The normal state of a democratic society always includes disagreements. These can actually be thought of as the cause of democracy functioning well. Citizens who are equal and free among each other will most likely not end up with completely identical views on which things are the most valuable and in which ways these values […]
At first it may sound surprising that dialogical practices from Finland are spreading around the world, as Finns do not usually consider themselves particularly skilled in conversation. However, this spread is no made-up advertisement nor even a completely new phenomenon.
Anxiety about others and oneself, the strengthening of communality, the blaming and the guilt, the astonishment and joy in relation to the digital leap, the acknowledgement of social injustices and the reflecting on an uncertain future.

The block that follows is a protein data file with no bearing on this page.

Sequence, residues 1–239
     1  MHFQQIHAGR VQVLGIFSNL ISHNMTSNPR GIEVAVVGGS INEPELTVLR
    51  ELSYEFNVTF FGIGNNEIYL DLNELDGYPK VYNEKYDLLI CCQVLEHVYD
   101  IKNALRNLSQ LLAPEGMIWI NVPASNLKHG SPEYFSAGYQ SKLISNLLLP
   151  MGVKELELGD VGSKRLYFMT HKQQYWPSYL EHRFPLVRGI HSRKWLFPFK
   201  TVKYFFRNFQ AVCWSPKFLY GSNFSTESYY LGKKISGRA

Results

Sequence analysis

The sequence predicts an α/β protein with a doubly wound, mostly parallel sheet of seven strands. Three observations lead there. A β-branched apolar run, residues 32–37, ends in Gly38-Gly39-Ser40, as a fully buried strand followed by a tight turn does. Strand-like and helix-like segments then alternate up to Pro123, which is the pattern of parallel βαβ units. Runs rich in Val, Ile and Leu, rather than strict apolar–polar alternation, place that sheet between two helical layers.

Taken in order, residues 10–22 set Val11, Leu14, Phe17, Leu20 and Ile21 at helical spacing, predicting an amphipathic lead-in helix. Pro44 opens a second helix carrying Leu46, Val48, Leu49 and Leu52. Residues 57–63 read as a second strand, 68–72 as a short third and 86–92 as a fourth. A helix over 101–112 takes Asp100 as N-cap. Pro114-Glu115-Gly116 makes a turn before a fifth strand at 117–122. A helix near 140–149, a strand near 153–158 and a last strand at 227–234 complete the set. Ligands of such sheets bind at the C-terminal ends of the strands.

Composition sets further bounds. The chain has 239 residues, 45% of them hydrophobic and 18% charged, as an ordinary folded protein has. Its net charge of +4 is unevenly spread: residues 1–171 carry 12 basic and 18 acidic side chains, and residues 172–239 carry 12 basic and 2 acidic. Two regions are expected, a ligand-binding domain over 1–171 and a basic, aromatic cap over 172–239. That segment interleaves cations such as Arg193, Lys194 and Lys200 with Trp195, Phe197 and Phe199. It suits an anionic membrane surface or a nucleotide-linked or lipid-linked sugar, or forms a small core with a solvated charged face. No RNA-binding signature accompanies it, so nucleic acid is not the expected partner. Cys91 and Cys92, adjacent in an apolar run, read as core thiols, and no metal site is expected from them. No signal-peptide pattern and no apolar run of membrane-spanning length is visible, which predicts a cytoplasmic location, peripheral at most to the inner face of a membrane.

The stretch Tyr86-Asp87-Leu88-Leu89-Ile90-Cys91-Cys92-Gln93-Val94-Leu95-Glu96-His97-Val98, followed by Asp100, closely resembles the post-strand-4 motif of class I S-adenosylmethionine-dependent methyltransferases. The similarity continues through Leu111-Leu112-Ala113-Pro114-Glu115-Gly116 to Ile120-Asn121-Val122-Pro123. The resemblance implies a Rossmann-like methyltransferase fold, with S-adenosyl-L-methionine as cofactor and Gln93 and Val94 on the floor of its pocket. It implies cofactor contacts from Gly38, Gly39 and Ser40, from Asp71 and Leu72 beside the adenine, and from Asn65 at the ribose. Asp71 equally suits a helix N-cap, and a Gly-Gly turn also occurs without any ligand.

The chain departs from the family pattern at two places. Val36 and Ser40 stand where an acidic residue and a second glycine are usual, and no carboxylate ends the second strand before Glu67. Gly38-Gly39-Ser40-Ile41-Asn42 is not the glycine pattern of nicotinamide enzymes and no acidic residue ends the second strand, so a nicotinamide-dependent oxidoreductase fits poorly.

A dialogue is best held face-to-face but it can also be very successful through remote connections. For most participants, attending a dialogue online, remotely, may be a bit challenging and uncomfortable, but it also has some advantages. In this piece, we will share what we have learned so far about online dialogues and what you should consider when facilitating a dialogue remotely. We hope it will encourage you to try and learn to facilitate dialogues remotely!
“To be able to develop a new type of leadership which fits into a democratic society – and its diverse work culture – we must explore the core aspects of power and think about what it means to lead people that are equal but different.”
The need to communicate with each other is one of the basic human needs. Appreciation and sense of acceptance is something everybody strives for.
We have a lot to say.